Still, it was a week that showed Drew ``the heart and resolve and togetherness they have, the love from one another, from the standpoint they wouldn't give up, wouldn't quit.''
It's the team that Drew put together, from Bruce, a member of Australia's junior team who could have also gone to Arizona, UCLA or New Mexico; to Kevin Rogers, Henry Dugat and Jerrells, the junior trio from Texas who while playing against each other in AAU games decided they wanted to play together at Baylor.
Sophomore guard Tweety Carter was the top-scoring prep basketball player in U.S. history, and freshman guard LaceDarius Dunn was the two-time Louisiana player of the year in high school.
``The reason I came here was that I had a chance to be part of something bigger than myself,'' Bruce said. ``What's happened is something I'm very proud of and something I probably won't know the true magnitude of until I'm finished playing.''
While he was only a toddler when his father was an LSU assistant for Dale Brown, Drew now gets plenty of inspiration and insight from the retired Tigers coach, who told him he was ``ideal for the job.'' Brown's primary advice: Be patient, believe in the system and don't take shortcuts.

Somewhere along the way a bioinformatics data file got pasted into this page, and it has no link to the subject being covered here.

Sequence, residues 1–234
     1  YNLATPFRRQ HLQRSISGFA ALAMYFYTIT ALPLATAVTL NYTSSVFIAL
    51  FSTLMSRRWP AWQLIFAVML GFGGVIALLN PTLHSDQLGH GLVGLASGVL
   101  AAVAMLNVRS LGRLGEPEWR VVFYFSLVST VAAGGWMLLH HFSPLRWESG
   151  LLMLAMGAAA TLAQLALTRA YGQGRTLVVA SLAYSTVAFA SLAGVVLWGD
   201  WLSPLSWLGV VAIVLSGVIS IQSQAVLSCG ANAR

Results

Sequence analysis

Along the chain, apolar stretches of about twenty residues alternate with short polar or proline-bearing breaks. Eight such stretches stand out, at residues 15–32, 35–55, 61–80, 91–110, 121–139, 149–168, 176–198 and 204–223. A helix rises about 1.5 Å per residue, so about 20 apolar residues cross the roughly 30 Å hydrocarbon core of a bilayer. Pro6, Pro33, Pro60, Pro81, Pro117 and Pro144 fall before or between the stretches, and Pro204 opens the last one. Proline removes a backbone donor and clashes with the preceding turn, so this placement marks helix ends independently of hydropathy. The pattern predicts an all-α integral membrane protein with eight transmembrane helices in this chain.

``Scott can embrace people; Scott can attract people,'' Brown said. ``He's like a human molecule, bouncing off the floor, off the ceiling, off your forehead, off your car door.''
But even Brown is amazed by the quick results.
``I thought it would be a decade job,'' he said. ``A normal program that needs work needs five years. A program totally decimated, double that.''
No longer is Drew compelled to pull out such motivational movies as ``Rocky'', ``Hoosiers'', ``Seabiscuit'' and ``Cinderella Man.''
``This year, we understand, you have to use a little self-motivation, and there's got to be effort,'' Jerrells said. ``Coach Drew made me stop liking 'Rocky.'''
Plus, who needs movies when the Bears are living the real thing.
``We're in the final stages of one of the greatest turnarounds in college basketball history,'' McCaw said. ``It's a heartwarming story. The characters are great genuine people that have great character.''